Next month, dozens of people in various cities all across the nation will undertake the rigorous solar photovoltaic (PV) and solar thermal installer certification exams offered through the North American Board of Certified Energy Practitioners (NABCEP). Only a few will pass.

That’s the way it should be. The National Electrical Contractors Association (NECA) and our partners in the International Brotherhood of Electrical Workers (IBEW) are integrally involved in NABCEP’s efforts. Our National Joint Apprenticeship and Training Committee (NJATC) was the driving force in launching this volunteer board of renewable energy stakeholder representatives in 2001. The NJATC had been developing and delivering work force training on alternative energy, including solar and wind power, for more than a decade by then.

All these organizations—NECA, IBEW, NJATC and NABCEP—realize it takes a lot of study and experience to master green technologies. Accordingly, we believe those who seek professional credentials as renewable energy installers should be held to very high standards. I’m sure you can agree.

I’m also sure we all can agree it is wise to invest in training workers for the green building market, given that this market is continuing to expand. However, this investment will be wasted if we contractors neglect our own education.

As company owners and employers, we—not our electricians or technicians—determine what type of projects we want to take on. It is up to us to land these projects and bring them in at a profit while ensuring our customers’ needs are met. But, if you set your sights on the green building market—which most of us eventually must, whether by desire or necessity—simply staying in budget and on schedule while having your crew put quality work in place is no longer sufficient.

Green contractors need to understand sustainability and how to manage the various processes that go into sustainable construction. They need to be able to talk intelligently with customers about their options and to work with designers and other contractors from the very start of a project. They need to keep abreast of new green products and be able to evaluate their appropriateness for a given project. And, if the project is following a green rating system, such as the Leadership in Energy and Environmental Design (LEED) program, green contractors need to understand the system thoroughly.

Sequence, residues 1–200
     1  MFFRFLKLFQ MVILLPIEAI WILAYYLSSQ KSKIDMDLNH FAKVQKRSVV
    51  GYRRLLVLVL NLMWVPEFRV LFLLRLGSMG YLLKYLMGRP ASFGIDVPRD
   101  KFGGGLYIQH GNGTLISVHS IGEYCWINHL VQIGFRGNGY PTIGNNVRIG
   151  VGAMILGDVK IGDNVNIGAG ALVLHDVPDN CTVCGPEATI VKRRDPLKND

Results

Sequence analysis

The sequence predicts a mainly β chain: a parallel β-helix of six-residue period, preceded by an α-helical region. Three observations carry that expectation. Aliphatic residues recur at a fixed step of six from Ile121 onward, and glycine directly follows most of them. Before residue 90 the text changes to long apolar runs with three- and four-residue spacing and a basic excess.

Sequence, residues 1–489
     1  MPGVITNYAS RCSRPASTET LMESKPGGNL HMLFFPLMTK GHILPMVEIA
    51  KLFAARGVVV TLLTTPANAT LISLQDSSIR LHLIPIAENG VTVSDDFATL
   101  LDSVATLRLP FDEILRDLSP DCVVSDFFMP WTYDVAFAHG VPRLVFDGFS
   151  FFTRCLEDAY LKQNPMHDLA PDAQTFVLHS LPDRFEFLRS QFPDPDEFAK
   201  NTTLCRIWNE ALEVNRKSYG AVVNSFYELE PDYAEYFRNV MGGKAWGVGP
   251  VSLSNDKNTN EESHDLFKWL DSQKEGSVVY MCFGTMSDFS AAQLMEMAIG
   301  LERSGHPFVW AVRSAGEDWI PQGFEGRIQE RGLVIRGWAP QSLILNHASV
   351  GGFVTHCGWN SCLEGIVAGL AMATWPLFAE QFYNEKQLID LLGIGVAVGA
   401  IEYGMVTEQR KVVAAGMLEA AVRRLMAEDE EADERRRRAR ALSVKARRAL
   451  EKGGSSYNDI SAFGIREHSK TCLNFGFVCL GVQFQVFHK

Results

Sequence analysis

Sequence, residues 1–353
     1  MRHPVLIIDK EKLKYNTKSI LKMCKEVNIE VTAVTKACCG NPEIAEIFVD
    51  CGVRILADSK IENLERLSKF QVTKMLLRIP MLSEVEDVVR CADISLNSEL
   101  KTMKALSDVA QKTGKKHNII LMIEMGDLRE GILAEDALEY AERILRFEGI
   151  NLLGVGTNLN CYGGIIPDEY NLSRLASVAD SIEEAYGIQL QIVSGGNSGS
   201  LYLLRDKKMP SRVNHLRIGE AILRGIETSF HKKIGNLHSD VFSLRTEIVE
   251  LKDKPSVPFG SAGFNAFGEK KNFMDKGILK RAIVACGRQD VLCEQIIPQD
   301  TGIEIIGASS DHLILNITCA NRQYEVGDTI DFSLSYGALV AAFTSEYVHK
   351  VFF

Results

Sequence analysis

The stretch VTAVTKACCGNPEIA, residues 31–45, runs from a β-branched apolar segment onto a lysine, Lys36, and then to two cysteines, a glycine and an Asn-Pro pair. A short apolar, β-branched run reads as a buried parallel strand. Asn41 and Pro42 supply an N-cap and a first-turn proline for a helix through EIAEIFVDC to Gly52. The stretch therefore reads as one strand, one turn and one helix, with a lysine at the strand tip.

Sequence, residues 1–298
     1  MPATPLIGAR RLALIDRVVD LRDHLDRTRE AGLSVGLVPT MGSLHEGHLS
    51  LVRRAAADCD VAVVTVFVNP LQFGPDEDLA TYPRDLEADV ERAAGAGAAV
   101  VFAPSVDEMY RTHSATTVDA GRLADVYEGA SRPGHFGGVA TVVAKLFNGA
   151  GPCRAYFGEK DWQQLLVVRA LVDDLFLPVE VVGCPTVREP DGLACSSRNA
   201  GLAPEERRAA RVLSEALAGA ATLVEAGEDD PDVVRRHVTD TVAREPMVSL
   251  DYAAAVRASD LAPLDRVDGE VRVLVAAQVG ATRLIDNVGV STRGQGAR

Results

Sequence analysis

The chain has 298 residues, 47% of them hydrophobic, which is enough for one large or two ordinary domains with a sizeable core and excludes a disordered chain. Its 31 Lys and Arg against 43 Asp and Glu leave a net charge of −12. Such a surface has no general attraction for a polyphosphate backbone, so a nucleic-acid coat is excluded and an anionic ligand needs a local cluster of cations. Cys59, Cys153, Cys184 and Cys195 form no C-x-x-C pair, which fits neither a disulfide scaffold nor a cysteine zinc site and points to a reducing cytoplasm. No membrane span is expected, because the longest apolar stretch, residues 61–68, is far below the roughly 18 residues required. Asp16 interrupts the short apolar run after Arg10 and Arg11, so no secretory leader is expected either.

Where can you acquire the necessary knowledge? Well, a Google search on “green contractor” or “green building” will lead you to tons of information. But, to simplify matters, I recommend that you start by going to this Web site: www.neca-mei.org.

That’s the online home of NECA’s Management Education Institute. Once you are there, click on “Catalog of Courses” and then “Emerging Green Markets” (under “Online Management”) to learn about a course now available online, ready whenever you choose to acquire the knowledge of green construction services that will give you a strategic advantage. Reflecting the findings of research conducted for ELECTRI International, the “Emerging Green Markets” course is targeted to the executive management level.

This is just one of the resources NECA has developed to help electrical contractors grow and prosper in the green building market. And, you can expect our association to step up its efforts in providing education and training and credentialing programs for green contractors and their employees now that we have become an official member of the U.S. Green Building Council, the developer of the LEED standards. Other USGBC?members include builders, designers, legislators, policymakers, educators, manufacturers, developers, activists and scientists.

Watch these pages for news on developments. The green building market is here to stay and so is NECA, your “ever-green” source for dependable advice and support!